WordPress Plugin WP Statistics Patches XSS Flaw

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A cross-site scripting vulnerability in WordPress plugin WP Statistics could have enabled full website takeover.

WordPress plugin WP Statistics has patched a cross-site scripting (XSS) vulnerability that could allow for full website takeover, if the website is operating under certain non-default settings.

WP Statistics gives website owners a tool to analyze site statistics, such as the number of visitors on the site, which browsers visitors are using, and more. The plugin is made by VeronaLabs and has more than 500,000 active installations.

The unauthenticated stored XSS flaw exists in a feature of the plugin that allows a website to use a header to find the site visitors’ IP addresses. XSS can be a serious vulnerability that can enable attackers to inject client-side scripts into web pages, which could be viewed by other users. However, it is important to note that this vulnerability can only be exploited when the impacted website uses specific configurations that are not default – meaning that default settings are not vulnerable, said researchers with Sucuri who discovered the flaw.

“Certain types of information might seem safe, such as the visitor’s IP address, but in reality aren’t always what you expect,” said Antony Garand, security vulnerability researcher at Sucuri, in a Wednesday analysis. “Due to certain assumptions from the developers, it is possible for visitors to inject malicious code on administrative pages, leading to a full website takeover.”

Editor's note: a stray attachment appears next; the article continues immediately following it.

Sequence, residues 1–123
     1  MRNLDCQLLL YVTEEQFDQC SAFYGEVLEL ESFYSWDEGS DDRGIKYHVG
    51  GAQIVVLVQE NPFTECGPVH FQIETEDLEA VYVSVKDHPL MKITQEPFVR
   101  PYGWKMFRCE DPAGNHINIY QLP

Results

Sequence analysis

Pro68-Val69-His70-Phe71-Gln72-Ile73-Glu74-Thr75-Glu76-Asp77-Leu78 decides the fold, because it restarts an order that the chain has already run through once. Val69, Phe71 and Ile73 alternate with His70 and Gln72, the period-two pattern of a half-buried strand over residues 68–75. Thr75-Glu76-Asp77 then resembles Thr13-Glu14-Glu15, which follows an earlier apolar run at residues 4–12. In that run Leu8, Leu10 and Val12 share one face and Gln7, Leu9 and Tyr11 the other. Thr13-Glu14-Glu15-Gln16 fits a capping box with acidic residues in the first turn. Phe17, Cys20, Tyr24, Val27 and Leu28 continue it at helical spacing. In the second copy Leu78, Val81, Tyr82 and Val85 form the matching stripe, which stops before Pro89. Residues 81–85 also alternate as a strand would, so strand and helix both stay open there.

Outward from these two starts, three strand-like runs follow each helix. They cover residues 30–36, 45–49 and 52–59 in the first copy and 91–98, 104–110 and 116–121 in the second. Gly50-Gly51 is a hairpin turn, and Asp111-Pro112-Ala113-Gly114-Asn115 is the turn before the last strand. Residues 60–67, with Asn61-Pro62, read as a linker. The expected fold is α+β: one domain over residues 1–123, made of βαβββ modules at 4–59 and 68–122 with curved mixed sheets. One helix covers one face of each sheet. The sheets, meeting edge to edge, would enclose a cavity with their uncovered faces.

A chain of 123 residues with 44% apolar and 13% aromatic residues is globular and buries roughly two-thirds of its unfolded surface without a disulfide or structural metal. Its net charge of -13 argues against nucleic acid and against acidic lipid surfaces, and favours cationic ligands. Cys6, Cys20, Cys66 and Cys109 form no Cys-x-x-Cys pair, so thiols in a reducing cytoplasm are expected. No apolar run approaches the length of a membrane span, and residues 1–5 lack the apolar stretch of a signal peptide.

Versions of the plugin before 12.6.7 are vulnerable to the unauthenticated stored cross-site scripting vulnerability; a patch has been issued in version 12.6.7 that addresses the flaw. Researchers said that they made initial contact with the developer regarding the flaw on June 26, 2019. The patch was released on July 1.

The vulnerability stems from the plugin failing to sanitize or validate users’ IP address when it uses a header to identify their IP address – allowing a bad actor to potentially inject websites with malicious code.

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By default, websites using the plugin can easily find visitors’ IP addresses; but, when websites running the plugin are utilizing a firewall, the user IP contacts that firewall before contacting the website.

That means the website does not know what the original user’s IP address is before it contacted the firewall; to remedy this, the firewall adds a header that contains the users’ original IP, allowing the site to identify the original user.

However, due to lack of IP validation in the plugin, an attacker could abuse this function by emitting a forwarded IP. As a result, the plugin fails to validate the IP, allowing attackers to inject malicious JavaScript code as their own IP, which will be stored and executed on administrative pages.

“Since the default value of the IP addresses is the header value and it isn’t sanitized or validated with the FILTER_VALIDATE_IP method, it will be stored as-is if there are not multiple IP addresses in the header,” researchers said.

There are several roadblocks that an attacker must overcome to abuse this flaw. First of all, a website is only vulnerable when the plugin uses a header to identify the IP address of the visitor. The website must also use a bypassable firewall (meaning the website must be configured to accept connections from everyone, and not only the ones forwarded by a firewall).

Under these circumstances an attacker could emit a forwarded IP: “The common component of these two settings is the forwarded value being fully controlled by the attacker,” researchers said.

Researchers urged plugin users to update to the patched version: “To protect against this vulnerability, we strongly encourage users to update the plugin to version 12.6.7 as soon as possible,” they said.

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